WASHINGTON — The U.S. Space Force has yet to launch all of the GPS III satellites at its disposal, but work on new, more powerful versions is already underway. New GPS III Follow-on satellites — or GPS IIIF for short — will continue to improve the constellation’s accuracy and protection against jamming.

GPS III satellites are already a substantial upgrade to the current constellation, providing three times greater accuracy and eight times better anti-jamming capability than their predecessors. In addition to introducing a new civil signal that is compatible with other navigation satellite systems, the five GPS III satellites on orbit completed the space component of M-code — an even more secure and accurate signal for military use.

The Space Force has launched five of the planned GPS III satellites, and three more have been declared “available for launch” but are waiting in storage with prime contractor Lockheed Martin. The remaining two are undergoing testing.

The Space Force has a contract with Lockheed for up to 22 GPS IIIF satellites. The service already exercised contract options for seven GPS IIIF satellites, with the most recent award taking place in October 2021, when Space Systems Command issued $737 million to the company for three more satellites.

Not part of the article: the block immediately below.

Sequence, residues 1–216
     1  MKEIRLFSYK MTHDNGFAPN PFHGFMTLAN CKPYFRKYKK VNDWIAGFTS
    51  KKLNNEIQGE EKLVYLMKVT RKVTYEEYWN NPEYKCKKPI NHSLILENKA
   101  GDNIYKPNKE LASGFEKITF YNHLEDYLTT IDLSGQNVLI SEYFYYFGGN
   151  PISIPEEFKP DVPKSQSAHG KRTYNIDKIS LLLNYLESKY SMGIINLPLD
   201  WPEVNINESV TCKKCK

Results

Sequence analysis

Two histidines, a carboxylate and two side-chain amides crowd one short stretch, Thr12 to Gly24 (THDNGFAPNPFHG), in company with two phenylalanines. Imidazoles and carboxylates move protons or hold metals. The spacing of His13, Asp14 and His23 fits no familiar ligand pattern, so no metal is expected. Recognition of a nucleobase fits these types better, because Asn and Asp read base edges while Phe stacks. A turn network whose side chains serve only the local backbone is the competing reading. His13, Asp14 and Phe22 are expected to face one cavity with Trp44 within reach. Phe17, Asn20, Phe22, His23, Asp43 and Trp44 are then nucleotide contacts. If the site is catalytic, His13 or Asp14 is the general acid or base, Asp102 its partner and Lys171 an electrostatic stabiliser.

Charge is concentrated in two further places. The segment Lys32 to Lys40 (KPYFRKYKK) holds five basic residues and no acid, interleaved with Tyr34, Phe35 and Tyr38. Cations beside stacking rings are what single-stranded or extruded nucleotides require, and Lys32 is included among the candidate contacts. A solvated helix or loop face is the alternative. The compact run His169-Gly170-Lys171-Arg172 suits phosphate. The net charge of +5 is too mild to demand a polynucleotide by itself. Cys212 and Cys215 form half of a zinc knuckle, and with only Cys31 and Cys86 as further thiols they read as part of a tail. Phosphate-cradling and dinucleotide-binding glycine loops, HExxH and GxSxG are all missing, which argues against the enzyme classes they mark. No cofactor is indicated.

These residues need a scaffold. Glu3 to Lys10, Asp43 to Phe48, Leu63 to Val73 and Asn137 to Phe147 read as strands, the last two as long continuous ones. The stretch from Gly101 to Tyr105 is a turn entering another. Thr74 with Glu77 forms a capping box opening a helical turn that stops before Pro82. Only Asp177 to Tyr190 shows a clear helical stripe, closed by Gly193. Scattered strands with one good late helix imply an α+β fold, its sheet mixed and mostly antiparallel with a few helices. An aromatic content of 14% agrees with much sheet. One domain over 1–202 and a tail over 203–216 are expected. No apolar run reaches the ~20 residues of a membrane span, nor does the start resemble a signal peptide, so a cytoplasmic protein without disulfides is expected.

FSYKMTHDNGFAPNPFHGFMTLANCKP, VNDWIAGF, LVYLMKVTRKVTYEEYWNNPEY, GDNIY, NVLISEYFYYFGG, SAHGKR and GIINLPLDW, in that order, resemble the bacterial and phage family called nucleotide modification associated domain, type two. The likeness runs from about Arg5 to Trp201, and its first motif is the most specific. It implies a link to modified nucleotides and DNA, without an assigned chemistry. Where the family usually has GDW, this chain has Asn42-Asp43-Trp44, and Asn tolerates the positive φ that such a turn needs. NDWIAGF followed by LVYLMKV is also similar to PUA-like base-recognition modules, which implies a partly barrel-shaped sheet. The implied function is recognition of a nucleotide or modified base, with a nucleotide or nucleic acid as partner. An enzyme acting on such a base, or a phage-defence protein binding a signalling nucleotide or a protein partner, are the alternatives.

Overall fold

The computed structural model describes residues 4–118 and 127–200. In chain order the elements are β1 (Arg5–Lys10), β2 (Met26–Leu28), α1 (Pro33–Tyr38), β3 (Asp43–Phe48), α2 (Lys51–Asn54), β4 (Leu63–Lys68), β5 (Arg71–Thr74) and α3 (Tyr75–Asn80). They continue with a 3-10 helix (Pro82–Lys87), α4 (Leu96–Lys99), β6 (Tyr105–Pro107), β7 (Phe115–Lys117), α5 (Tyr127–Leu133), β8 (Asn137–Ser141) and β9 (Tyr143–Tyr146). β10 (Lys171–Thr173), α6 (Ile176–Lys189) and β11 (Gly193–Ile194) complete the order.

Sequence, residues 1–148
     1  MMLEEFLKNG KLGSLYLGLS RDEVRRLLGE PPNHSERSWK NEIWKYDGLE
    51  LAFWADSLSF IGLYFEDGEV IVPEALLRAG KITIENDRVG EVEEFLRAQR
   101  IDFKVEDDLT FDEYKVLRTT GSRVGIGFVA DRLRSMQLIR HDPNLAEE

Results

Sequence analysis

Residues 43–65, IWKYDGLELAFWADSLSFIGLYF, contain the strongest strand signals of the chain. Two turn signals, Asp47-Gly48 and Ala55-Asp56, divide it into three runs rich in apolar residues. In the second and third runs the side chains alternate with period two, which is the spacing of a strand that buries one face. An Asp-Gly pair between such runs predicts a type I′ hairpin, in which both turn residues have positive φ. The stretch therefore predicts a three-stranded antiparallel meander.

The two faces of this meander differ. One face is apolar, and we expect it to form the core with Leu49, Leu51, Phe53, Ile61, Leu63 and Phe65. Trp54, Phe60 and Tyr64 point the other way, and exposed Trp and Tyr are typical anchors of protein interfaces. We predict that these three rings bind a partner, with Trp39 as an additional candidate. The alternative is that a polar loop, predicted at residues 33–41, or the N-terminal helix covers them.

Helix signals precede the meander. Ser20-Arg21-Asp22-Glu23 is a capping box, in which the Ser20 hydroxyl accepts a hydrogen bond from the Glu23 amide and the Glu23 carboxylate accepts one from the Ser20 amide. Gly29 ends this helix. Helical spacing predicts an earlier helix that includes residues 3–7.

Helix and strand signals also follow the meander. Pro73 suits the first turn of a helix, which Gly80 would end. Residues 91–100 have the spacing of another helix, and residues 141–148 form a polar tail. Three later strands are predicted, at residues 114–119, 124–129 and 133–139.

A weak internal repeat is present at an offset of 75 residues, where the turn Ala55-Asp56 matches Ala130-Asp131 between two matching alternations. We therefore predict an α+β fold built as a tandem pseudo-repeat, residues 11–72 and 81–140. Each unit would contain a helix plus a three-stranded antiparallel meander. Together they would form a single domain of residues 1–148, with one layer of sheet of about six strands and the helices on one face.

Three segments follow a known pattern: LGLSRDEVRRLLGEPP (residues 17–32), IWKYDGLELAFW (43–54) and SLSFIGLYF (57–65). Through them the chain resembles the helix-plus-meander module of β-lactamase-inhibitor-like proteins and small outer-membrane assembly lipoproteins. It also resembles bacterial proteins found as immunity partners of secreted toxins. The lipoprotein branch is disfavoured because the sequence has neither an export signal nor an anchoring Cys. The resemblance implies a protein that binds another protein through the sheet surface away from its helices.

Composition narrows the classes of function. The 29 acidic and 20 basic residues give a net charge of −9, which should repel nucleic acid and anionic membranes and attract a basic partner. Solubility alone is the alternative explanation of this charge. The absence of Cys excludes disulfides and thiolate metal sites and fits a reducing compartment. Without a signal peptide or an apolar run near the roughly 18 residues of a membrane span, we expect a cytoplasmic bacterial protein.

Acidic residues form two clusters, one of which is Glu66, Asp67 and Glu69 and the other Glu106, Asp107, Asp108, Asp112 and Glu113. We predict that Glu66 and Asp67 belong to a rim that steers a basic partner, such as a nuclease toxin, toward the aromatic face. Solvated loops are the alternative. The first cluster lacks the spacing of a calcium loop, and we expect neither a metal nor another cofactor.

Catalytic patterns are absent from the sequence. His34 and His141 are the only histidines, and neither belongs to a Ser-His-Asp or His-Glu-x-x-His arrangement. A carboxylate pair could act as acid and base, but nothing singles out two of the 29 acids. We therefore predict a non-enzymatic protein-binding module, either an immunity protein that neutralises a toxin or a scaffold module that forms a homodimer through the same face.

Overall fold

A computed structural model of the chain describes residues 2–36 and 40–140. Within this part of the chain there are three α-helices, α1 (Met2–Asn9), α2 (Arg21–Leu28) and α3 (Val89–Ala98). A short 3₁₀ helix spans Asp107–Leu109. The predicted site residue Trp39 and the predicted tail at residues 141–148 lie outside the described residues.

GPS IIIF satellites will be more advanced than their predecessors. Most notably, the new space systems will prove a new Regional Military Protection capability, a steerable M-code signal that can concentrate the effect in a specified region. RMP can provide up to 60 times greater anti-jamming measures, helping ensure soldiers can access critical position, navigation and timing data in contested environments.

Other new features include a laser retroreflector array to increase accuracy; an upgraded nuclear detection detonation system payload; and a search and rescue payload.

Starting with the third GPS IIIF space vehicle, the satellites will be built with Lockheed’s LM2100 Combat Bus, specifically designed for military use. The company claims its new bus, which will also be used for the Space Force’s next missile warning satellites, will have greater resiliency and cyber protections, more power, and better propulsion.

And thanks to a new port option on the LM2100 bus, it could be possible to upgrade GPS IIIF satellites on orbit. The company’s Augmentation System Port Interface essentially works as a USB port for the satellite, allowing the Space Force to launch new payloads into space that can be plugged into the system.

Nathan Strout was the staff editor at C4ISRNET, where he covered the intelligence community.

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